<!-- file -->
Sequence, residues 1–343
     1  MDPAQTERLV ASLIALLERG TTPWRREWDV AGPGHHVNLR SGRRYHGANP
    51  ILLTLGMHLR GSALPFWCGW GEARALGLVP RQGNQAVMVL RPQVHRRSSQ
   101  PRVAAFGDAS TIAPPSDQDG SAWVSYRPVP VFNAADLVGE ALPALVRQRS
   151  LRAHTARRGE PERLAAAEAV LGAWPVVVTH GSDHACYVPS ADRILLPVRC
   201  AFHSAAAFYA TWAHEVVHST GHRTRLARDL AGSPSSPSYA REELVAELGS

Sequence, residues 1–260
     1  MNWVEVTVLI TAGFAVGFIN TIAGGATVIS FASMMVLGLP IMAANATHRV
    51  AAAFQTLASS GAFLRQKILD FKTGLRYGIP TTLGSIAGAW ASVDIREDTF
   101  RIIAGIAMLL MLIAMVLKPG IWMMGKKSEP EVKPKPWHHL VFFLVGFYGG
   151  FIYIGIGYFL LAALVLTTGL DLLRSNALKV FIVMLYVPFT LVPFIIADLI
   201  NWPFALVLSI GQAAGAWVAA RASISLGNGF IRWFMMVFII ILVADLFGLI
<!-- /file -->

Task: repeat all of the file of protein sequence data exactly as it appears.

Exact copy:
Sequence, residues 1–343
     1  MDPAQTERLV ASLIALLERG TTPWRREWDV AGPGHHVNLR SGRRYHGANP
    51  ILLTLGMHLR GSALPFWCGW GEARALGLVP RQGNQAVMVL RPQVHRRSSQ
   101  PRVAAFGDAS TIAPPSDQDG SAWVSYRPVP VFNAADLVGE ALPALVRQRS
   151  LRAHTARRGE PERLAAAEAV LGAWPVVVTH GSDHACYVPS ADRILLPVRC
   201  AFHSAAAFYA TWAHEVVHST GHRTRLARDL AGSPSSPSYA REELVAELGS

Sequence, residues 1–260
     1  MNWVEVTVLI TAGFAVGFIN TIAGGATVIS FASMMVLGLP IMAANATHRV
    51  AAAFQTLASS GAFLRQKILD FKTGLRYGIP TTLGSIAGAW ASVDIREDTF
   101  RIIAGIAMLL MLIAMVLKPG IWMMGKKSEP EVKPKPWHHL VFFLVGFYGG
   151  FIYIGIGYFL LAALVLTTGL DLLRSNALKV FIVMLYVPFT LVPFIIADLI
   201  NWPFALVLSI GQAAGAWVAA RASISLGNGF IRWFMMVFII ILVADLFGLI